If I could go back in time to one moment in history, it would be to 20 July 1969 at 21:17 BST, when Neil Armstrong stepped on the surface of the moon. I mean, just look at Walter Cronkite’s face. But given a second whirl in the time machine, I’d opt for 3:10am on 2 May 1997, when Michael Portillo lost his seemingly unlosable Enfield Southgate seat.
This does not stem from any personal animus against Portillo, who has since become somewhat of a national treasure and who in the small hours of election night delivered a really rather composed and gracious speech, unlike, erm, some other defeated candidates. I simply would have liked to know what a Portillo moment felt like. Ed Balls’ seat in 2015 was far too marginal to qualify.
There’s also a tremendous and I hope not entirely apocryphal Kessler family angle to Portillo’s defeat. It was late on polling day and neither my Tory-supporting grandpa nor Labour-supporting grandma, who lived in Enfield, had voted. Given that their ballots would cancel the other out, they both agreed not to vote. Until my grandma discovered the house was empty, my grandpa had in fact broken the pact, and she raced off to vote herself.
This is all by way of saying that there will be no ‘Raab moment’ in 2024, as the former deputy prime minister has announced he will not run for parliament. Now, Raab only held his Esher and Walton seat in 2019 by less than 3,000 votes (down from 23,000 in 2017), and his strongly Remain-voting constituency was a pretty safe Liberal Democrat pick-up. So instead, it is the sheer quantity of Tory MPs standing down – Raab is the 37th with more to come – that ought to concern Rishi Sunak.
It is not uncommon for MPs to decide to jump rather than suffer the indignity of defeat in a local authority leisure centre. (Though, fun fact, candidates are told their vote tallies in private just before the public announcement by the returning officer.)
Still, this implies a couple of things. First, that Conservative MPs believe the polls. And second, that Sunak’s job may if anything grow harder as the election approaches. That is because the parliamentary Conservative Party – hardly a paragon of unity up to this point – will only grow more unmanageable if it is populated by MPs who are either resigning or resigned to their fate.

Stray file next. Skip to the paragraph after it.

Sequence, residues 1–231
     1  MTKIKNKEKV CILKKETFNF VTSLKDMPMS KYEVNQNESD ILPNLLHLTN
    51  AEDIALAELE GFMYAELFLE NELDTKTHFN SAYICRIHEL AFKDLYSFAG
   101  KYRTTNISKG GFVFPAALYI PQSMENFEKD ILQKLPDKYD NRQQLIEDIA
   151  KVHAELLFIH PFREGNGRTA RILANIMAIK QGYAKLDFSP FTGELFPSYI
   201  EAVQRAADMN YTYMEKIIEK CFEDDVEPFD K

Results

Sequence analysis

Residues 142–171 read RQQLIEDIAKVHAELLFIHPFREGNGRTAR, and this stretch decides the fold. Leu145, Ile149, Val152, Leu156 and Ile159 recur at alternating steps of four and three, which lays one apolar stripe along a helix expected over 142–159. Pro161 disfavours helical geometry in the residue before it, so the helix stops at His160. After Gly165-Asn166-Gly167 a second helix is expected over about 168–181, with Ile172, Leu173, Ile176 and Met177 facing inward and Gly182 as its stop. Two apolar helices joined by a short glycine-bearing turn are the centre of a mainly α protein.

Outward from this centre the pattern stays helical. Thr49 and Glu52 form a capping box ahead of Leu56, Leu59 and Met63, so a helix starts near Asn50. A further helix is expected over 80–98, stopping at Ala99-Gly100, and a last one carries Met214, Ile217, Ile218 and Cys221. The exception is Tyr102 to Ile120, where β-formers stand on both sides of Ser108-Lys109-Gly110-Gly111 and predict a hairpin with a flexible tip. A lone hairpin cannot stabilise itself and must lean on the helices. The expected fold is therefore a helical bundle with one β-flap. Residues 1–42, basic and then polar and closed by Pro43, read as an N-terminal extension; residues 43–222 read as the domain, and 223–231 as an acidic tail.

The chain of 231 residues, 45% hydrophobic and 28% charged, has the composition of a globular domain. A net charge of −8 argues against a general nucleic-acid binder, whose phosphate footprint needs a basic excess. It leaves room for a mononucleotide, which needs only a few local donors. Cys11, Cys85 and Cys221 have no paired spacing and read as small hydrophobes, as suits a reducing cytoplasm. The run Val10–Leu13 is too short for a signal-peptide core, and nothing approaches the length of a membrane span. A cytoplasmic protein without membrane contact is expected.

For context, there are a dozen Labour MPs standing down at the next election. But their average age (69) is vastly higher than the Tories (54), with departing members largely comprised of stalwarts such as Margaret Beckett and Harriet Harman. Raab is only 49, Chloe Smith 41 and Dehenna Davison 29.
To this I’d add one final data point. An Ipsos poll for today’s Standard finds that nearly two-thirds of Britons think Labour will form the next government. This is not the same as voter intention, but asking people what they think will happen is often a useful predictor of the political future.
In sum, the British people have been deprived of their ‘Raab moment’ in 2024. But on the positive side, he will have more time to spend at home reading the Good Friday Agreement.
In the comment pages, Matthew d’Ancona says the latest Suella Braverman saga shows us just how weak Sunak is. Anna van Praagh warns Oxford students are playing a dangerous game with free speech. While Simon English thinks it’s time for some honesty about where government debt is heading.
And finally, from mortadella rolls to plump egg sandos, London has a sandwich culture to rival any in the world. Here are 12 to try for National Sandwich Week. Which is a real thing.
This article appears in our newsletter, West End Final – delivered 4pm daily – bringing you the very best of the paper, from culture and comment to features and sport. Sign up here.